DES MOINES, Iowa — Gov. Kim Reynolds on Monday said the state lab is still in the process of validating testing machines designated for Iowa’s new testing initiative, more than a week after testing launched.
The $26 million “TestIowa” contract promises 540,000 tests—as much as 3,000+ per day when at full capacity—and also provides 10 testing machines to run diagnostic tests. The State Hygienic Lab at the University of Iowa is in receipt of the machines but they have not yet passed muster, so lab staff aren’t relying on them to process TestIowa testing.
Instead, staff at the lab are running the tests twice: once through TestIowa machines and again through the lab’s ex machines they have been using for other coronavirus testing to ensure accuracy.
“I have complete confidence in Dr. Pentella and the State Hygienic Lab to complete the process. They’re not going to validate it until… they’re comfortable that it meets the criteria that it needs to meet,” Reynolds said during a Monday news conference.
A spokesman for Dr. Michael Pentella, who is the director of the lab, did not specify an exact time when the machines will be validated, saying instead in a statement that they’re working to complete that process “as soon as possible.”
“The State Hygienic Lab is still working to validate the Test Iowa equipment, a routine, data-driven part of bringing new equipment online, and will complete that process as soon as possible,” the statement said, adding that staff are working around the clock to meet testing demands.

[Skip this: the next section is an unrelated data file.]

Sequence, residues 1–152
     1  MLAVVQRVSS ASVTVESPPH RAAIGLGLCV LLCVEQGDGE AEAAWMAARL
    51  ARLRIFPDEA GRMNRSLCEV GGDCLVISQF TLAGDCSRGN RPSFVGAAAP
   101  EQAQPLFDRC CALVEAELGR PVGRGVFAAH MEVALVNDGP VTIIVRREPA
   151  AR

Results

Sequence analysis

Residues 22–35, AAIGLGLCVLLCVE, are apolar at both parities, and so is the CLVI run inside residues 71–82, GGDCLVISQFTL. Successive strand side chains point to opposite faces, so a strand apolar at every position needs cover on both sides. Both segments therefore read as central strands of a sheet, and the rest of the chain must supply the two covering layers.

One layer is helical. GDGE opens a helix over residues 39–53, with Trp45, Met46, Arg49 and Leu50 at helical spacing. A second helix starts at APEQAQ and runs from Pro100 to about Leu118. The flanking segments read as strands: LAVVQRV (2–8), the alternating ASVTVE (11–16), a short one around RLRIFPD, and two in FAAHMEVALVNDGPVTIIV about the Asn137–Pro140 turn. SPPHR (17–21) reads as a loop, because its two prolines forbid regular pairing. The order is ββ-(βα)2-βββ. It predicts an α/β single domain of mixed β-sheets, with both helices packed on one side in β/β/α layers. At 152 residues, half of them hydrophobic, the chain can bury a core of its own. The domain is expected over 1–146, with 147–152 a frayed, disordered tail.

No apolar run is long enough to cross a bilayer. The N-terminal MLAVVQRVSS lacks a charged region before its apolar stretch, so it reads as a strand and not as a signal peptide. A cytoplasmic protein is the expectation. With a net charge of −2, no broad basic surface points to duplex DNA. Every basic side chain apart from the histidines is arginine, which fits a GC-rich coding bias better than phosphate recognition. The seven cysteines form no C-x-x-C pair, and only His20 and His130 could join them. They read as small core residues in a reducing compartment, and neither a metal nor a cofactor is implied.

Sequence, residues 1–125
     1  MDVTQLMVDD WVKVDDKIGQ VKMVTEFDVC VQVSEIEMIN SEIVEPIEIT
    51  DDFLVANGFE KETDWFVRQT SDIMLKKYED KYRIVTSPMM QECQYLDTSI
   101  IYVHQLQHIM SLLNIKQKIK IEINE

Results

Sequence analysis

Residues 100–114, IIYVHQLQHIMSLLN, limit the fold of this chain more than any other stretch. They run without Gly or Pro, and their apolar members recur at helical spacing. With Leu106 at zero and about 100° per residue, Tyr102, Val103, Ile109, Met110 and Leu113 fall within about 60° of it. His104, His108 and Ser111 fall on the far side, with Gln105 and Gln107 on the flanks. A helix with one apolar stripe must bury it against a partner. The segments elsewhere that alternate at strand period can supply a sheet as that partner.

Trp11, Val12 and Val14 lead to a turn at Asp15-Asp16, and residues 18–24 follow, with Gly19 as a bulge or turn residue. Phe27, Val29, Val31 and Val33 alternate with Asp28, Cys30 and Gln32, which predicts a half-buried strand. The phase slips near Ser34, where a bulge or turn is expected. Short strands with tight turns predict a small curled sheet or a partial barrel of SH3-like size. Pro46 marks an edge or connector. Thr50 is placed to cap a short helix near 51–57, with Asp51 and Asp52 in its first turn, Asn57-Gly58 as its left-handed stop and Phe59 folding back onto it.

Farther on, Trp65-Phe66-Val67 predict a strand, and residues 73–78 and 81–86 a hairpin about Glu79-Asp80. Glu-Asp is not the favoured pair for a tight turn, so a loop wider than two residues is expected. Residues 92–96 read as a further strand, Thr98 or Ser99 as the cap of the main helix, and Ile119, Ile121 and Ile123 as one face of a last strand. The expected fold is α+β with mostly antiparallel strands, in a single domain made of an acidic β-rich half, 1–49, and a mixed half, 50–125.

Gov. Kim Reynolds first unveiled TestIowa, which is run by Utah-based companies, on April 21; the first drive-thru testing site opened April 25 in downtown Des Moines. Two other sites are operating in Waterloo and Sioux City.
Reynolds said Monday that more than 17,000 tests were administered to Iowans last week and acknowledged that the back log of tests would be cleared by end of the day Monday. The state reports more than 9,700 COVID-19 cases and 188 deaths as of Monday.
“So we got about 900 to 1,000 through yesterday from the TestIowa, and we should complete the backlog today so then we’ll be back on track. You saw the numbers from the weekend—they were really able to process a lot of the tests and to get us caught up,” Reynolds said.
A spokesman for the governor’s office did not return a request for comment about how many TestIowa tests have been given across all testing sites. And it’s unclear how many TestIowa results have been processed and reported in daily case counts.
State officials say they aren’t going to separately release TestIowa results; instead, they will be lumped together with other testing results.
“[Pentella at the State Hygienic Lab] is not going to run equipment if he doesn’t have confidence in the equipment and its performance,” said Sarah Resietter, deputy director of the Iowa Department of Public Health. “So there’d be no reason to separate out TestIowa results separate from any other test results because the test Iowa equipment is going through the exact same kind of validation that all of the other tests that are happening have done.”
This comes as local report in by the Salt Lake City Tribune questions the accuracy of test results from the TestUtah program, after which TestIowa is modeled. Reynolds has expressed confidence in the reliability of the tests.